While estimates of impact differ, some kind of corporate tax rate cut has bipartisan support because the U.S. has one of the world’s highest statutory rates. The Senate’s proposed one-year corporate tax cut delay is a maneuver to keep national debt levels low enough to allow a simple majority to pass tax reform in Congress’ upper chamber. Otherwise, adding to the national debt could trigger a much more difficult supermajority of 60 votes to close debate on the tax bill.

In any scenario, what individual companies in Minnesota and across the country would do with billions in new revenue is the critical question of the first major overhaul of the U.S. tax system in more than three decades.

Most Minnesota corporations contacted by the Star Tribune declined to comment, saying they needed more time to assess the tax cut proposal.

General Mills’ response was typical:

“We are still in the process of evaluating the impact on General Mills and the business sector as a whole,” a spokesman said in an e-mail. “We will analyze prospective tax reform legislation … to determine whether we can deviate from our general practice of only repatriating foreign cash in a tax-neutral manner.”

Art Rolnick, former senior vice president and research director at the Federal Reserve Bank of Minneapolis, called the corporate response to tax cuts and repatriation “a big unknown” whose impact might be impossible to assess for years.

But Rolnick noted that while tax cuts to businesses once helped labor, recent history shows benefits accrue mostly to stockholders, who are generally higher-income.

“From a working class family point of view,” he predicted, “this is not going to [be a] benefit.”

Republicans, meanwhile, assume that corporate reactions to lower taxes will drive unprecedented levels of national economic growth that will keep tax reform from adding dangerously to the national deficit, a notion that continues to be a major point of contention.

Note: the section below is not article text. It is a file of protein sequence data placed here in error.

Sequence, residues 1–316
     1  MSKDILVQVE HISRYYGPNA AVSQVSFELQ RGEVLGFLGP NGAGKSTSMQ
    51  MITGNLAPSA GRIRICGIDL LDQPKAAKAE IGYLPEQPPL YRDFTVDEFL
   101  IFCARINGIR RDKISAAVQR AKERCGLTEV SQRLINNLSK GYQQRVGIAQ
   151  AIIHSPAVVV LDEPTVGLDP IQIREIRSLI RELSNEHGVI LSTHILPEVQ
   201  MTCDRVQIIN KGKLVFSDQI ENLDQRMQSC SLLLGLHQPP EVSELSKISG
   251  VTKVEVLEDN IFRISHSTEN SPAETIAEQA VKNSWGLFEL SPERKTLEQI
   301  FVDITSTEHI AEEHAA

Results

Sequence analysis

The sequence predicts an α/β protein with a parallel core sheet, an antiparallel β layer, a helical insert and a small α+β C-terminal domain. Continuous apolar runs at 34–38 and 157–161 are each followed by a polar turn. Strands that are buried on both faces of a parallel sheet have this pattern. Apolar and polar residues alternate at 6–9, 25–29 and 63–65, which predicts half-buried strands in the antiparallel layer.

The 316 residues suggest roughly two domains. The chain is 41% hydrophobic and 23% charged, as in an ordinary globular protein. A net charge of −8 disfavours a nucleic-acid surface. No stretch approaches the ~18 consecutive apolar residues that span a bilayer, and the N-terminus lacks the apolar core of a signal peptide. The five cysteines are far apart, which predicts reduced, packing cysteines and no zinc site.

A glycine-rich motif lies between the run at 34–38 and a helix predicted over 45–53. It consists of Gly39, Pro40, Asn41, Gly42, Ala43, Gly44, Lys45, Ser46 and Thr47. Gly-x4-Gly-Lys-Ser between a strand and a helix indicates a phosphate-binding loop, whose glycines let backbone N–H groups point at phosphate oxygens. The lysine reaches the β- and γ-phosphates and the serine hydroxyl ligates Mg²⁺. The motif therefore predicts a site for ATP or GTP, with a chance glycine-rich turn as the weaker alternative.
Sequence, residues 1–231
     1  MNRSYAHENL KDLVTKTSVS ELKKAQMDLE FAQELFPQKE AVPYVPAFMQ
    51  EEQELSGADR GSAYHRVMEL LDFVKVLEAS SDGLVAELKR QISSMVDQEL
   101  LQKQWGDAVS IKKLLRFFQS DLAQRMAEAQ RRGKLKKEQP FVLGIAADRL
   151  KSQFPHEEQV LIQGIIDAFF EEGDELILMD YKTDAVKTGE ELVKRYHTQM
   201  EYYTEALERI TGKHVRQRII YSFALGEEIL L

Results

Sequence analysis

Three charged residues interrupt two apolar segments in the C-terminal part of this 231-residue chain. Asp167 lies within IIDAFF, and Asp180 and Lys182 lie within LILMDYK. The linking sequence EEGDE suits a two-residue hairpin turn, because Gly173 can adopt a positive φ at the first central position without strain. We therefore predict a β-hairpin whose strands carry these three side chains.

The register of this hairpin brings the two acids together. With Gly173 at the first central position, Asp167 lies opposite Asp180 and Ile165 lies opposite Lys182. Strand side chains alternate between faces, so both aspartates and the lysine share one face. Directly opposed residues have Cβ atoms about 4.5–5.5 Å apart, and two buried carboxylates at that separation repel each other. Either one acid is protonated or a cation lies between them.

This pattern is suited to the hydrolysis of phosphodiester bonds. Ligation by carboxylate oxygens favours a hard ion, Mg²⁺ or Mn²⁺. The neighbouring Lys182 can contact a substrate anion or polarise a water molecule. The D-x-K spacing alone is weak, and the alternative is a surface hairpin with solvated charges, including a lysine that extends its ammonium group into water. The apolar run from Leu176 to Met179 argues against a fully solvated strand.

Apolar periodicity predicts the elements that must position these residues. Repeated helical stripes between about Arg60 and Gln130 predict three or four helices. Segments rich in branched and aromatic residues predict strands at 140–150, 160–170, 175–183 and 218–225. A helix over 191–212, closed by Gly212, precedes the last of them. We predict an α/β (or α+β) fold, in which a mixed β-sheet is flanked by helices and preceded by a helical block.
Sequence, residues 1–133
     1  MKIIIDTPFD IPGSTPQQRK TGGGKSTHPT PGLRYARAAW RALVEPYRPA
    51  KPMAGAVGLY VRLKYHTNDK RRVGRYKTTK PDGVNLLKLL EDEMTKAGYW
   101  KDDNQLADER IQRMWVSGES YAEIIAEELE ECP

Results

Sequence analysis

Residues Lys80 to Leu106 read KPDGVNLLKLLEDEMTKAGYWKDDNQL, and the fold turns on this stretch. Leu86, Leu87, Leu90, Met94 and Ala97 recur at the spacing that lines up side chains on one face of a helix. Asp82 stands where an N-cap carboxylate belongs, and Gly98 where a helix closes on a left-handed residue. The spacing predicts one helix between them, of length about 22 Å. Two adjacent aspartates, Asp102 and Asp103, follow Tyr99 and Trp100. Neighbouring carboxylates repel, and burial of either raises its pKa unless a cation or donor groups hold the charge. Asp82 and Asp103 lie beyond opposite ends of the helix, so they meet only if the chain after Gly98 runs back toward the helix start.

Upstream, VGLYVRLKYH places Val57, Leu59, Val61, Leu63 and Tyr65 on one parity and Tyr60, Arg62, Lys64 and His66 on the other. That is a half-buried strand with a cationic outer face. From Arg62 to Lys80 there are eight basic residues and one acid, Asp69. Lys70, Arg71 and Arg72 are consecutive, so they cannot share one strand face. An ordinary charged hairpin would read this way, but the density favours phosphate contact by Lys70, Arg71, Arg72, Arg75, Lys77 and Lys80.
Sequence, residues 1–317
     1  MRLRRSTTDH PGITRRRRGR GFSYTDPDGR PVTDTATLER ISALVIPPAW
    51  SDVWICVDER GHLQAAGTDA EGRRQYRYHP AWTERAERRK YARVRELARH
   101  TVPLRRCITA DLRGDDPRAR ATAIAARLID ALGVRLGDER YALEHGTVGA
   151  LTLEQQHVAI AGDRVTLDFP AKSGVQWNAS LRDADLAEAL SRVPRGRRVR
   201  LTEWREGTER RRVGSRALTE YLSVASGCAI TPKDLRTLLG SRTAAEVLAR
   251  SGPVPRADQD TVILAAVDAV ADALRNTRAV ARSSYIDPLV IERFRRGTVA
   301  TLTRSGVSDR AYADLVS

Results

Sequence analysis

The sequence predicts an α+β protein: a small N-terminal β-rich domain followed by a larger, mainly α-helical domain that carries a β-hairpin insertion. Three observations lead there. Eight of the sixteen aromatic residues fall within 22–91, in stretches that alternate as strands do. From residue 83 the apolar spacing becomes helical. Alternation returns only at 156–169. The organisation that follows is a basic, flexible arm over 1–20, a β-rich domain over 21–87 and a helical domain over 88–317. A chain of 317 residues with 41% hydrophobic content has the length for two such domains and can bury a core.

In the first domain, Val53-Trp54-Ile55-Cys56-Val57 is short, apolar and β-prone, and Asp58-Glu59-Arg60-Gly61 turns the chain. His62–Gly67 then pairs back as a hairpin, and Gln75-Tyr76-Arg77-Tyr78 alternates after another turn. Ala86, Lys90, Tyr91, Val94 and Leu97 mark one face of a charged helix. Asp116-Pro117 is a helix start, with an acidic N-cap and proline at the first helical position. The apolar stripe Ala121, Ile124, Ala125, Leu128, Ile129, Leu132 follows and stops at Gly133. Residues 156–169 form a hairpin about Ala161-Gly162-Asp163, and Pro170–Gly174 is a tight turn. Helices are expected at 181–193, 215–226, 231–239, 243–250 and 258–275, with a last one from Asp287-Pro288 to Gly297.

The Center for a Responsible Federal Budget, a debt-reduction think tank, has called the tax plan “a step backward for fiscal responsibility.”

The bipartisan budget center is co-chaired by former Minnesota Democratic congressman Tim Penny, former Republican governor Mitch Daniels of Indiana, and Leon Panetta, who held various positions under presidents Clinton and Obama. It concluded that the corporate tax rate cut and ending the alternative minimum tax adds up to a national corporate windfall of $1.5 trillion over the next decade. Coincidentally, that is precisely the amount that multiple analyses have said the tax plan will add to the national deficit in 10 years.

“You could say they paid for everything else but the corporate tax cut,” said the budget center’s senior vice president and policy director, Marc Goldwein.

Wringing enough expansion out of the economy in 10 years to fill a $1.5 trillion hole will be a stiff challenge, Goldwein believes. The tax plan for individuals and businesses would have to add four-tenths of a percent to the country’s gross domestic product each year to make the math work.

“Three-tenths of a percent,” said Goldwein, “is the highest [projection] I’ve seen.”

Rolnick, who teaches at the U’s Humphrey School of Public Affairs, reached another conclusion about members of Congress and the Trump administration: “My guess is they are going to live with more debt.”